the wavelength range is between 1.55 micrometers and 1.75 micrometers, between 2.05 micrometers and 2.33 micrometers, between 3.5 micrometers and 4.16 micrometers, or between 9.4 micrometers and 12.4 micrometers.
5. The gas sensing apparatus according to claim 1, wherein
the wavelength tunable filter is a Fabry-Perot filter and includes a substrate, a first mirror formed on the substrate, and a second mirror that faces and is spaced from the first mirror by a predetermined distance,
the first mirror has a first electrode,
the second mirror has a second electrode that faces the first electrode, the second mirror being displaceable with respect to the first mirror by application of a voltage between the first electrode and the second electrode, and
the control circuit controls the wavelength tunable filter by adjusting the voltage applied between the first electrode and the second electrode, so that the wavelength tunable filter selectively allows passage of the infrared light at the specific wavelength.
6. The gas sensing apparatus according to claim 1, wherein
the gas is an exhaust gas of a vehicle.
7. A method for sensing gas using a wavelength tunable filter, the method comprising:
emitting an infrared light;
setting the wavelength tunable filter so that the wavelength tunable filter allows passage of the infrared light at a first wavelength and outputs a first filtered infrared light;
detecting a first amount of the first filtered infrared light; and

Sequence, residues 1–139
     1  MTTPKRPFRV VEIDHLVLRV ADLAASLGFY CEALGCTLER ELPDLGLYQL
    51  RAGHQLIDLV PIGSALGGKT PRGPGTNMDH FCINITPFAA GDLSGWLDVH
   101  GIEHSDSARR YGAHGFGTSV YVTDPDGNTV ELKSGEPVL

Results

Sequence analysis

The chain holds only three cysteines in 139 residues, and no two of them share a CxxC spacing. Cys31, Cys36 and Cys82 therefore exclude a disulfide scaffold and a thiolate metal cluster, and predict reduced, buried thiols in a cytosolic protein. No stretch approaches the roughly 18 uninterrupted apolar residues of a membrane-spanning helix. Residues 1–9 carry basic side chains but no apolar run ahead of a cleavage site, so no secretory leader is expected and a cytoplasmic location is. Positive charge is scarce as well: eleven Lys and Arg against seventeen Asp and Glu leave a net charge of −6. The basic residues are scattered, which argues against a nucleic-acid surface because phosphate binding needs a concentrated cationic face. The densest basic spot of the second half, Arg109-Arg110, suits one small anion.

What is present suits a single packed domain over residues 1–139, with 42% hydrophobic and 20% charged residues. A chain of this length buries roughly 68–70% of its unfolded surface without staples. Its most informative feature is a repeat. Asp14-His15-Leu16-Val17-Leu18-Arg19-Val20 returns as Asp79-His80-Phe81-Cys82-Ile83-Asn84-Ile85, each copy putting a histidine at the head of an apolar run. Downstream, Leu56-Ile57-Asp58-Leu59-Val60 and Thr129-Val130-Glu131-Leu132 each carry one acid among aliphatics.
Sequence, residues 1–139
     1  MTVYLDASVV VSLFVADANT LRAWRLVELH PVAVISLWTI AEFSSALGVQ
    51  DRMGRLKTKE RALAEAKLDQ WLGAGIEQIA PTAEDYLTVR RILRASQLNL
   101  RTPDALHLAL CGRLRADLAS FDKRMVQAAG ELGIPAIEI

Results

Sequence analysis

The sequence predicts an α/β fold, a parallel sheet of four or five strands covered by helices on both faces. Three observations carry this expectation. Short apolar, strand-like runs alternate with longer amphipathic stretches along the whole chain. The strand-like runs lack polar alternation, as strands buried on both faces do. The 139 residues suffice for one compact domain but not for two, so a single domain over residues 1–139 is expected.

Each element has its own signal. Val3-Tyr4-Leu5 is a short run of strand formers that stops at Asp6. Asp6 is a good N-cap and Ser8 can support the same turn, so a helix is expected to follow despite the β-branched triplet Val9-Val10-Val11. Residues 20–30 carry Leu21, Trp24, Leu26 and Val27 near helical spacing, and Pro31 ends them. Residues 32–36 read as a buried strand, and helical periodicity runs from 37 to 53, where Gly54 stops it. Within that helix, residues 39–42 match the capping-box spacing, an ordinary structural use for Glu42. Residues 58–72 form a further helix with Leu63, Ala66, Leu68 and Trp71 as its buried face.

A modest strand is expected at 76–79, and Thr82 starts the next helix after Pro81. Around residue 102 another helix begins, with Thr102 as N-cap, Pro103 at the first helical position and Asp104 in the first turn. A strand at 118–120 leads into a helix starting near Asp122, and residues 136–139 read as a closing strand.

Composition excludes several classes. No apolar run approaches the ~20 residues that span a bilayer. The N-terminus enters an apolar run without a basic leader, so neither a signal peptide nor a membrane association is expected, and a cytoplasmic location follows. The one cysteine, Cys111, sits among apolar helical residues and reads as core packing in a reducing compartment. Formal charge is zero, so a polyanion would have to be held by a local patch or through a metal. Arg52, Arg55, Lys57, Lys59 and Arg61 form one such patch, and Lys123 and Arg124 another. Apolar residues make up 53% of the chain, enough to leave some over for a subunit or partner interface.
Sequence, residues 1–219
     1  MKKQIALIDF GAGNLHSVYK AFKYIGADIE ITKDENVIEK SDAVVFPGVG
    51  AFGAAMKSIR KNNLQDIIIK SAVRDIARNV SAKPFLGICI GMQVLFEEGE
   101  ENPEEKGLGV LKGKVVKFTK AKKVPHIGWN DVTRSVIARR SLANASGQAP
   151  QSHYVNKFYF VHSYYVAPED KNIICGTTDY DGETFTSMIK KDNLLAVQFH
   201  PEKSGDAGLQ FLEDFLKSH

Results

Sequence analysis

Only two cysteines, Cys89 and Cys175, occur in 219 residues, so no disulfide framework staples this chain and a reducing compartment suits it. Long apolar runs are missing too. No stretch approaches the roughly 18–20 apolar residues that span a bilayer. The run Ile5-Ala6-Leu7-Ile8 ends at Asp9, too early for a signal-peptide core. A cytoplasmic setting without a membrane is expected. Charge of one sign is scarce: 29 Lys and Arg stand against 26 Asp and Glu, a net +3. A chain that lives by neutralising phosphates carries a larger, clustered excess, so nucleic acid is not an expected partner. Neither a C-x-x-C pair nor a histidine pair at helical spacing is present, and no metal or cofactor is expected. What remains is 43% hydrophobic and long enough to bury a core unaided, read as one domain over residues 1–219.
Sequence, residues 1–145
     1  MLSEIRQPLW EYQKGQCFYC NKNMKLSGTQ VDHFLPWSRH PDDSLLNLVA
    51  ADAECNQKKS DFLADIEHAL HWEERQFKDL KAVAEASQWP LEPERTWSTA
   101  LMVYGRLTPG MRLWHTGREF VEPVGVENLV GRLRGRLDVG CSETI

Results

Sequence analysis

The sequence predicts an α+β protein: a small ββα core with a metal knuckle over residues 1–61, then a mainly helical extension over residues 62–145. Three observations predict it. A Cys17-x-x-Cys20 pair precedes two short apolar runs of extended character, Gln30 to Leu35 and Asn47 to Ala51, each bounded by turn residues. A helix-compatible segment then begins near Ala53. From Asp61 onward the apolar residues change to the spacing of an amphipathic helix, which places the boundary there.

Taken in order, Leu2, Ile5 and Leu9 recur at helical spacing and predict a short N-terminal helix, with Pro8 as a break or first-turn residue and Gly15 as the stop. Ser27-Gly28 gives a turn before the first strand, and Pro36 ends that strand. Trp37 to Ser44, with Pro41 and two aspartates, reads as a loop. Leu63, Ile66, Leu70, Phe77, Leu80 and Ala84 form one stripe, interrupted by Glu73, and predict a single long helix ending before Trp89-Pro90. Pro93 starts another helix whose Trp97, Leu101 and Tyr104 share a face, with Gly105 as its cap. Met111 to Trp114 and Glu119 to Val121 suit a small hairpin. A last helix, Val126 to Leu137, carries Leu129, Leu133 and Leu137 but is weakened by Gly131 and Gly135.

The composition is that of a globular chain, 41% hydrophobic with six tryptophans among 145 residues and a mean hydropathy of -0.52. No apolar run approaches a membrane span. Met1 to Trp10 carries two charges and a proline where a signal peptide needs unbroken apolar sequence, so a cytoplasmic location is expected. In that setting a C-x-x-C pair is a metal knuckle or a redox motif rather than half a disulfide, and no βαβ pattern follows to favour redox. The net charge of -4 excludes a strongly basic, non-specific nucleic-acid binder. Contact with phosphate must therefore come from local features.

checking whether the wavelength tunable filter operates normally by comparing the first amount with a reference value, wherein
the first wavelength is within a wavelength range where atmospheric gases do not absorb the infrared light.
8. The method according to claim 7, further comprising:
setting the wavelength tunable filter so that the wavelength tunable filter allows passage of the infrared light at a second wavelength and outputs a second filtered infrared light;
detecting a second amount of the second filtered light as the reference value; and
calculating a ratio between the first amount and the second amount, and a deviation of the ratio from one, wherein
the checking step checks whether the wavelength tunable filter operates normally based on the deviation.
9. The method according to claim 8, wherein
the wavelength range is bounded by the first wavelength and the second wavelength.
10. The method according to claim 8, wherein
the gas is an exhaust gas of a vehicle, and
the wavelength range is between 2.05 micrometers and 2.33 micrometers, and between 9.4 micrometers and 12.4 micrometers.
11. The method according to claim 7, wherein
the checking step is performed each time the wavelength tunable filter is powered on.
Description
CROSS CHECK TO RELATED APPLICATION

This application is based on and incorporates herein by reference Japanese Patent Application No. 2006-254716 filed on Sep. 20, 2006.

FIELD OF THE INVENTION

The present invention relates to an infrared gas sensing apparatus and method.

BACKGROUND OF THE INVENTION

U.S. Pat. No. 6,590,710 corresponding to JP-A-2001-228326 discloses an infrared gas sensing apparatus for measuring the concentration of a target gas that absorbs a specific wavelength of infrared light. The gas sensing apparatus includes an infrared source that emits the infrared light, a wavelength tunable filter (i.e., Fabry-Perot filter) that selects the specific wavelength of the infrared light, and an infrared detector that detects the filtered infrared light. The gas sensing apparatus measures the concentration of the target gas based on the amount of the infrared light detected by the infrared detector.

As shown in FIG. 6, the wavelength tunable filter includes a first mirror 3 and a second mirror 4. The first mirror 3 is formed on a silicon substrate 1 through a first oxide film 2. The second mirror 4 is formed on a second oxide film 5, which is formed on the first mirror 3. The first and second mirrors 3, 4 face each other.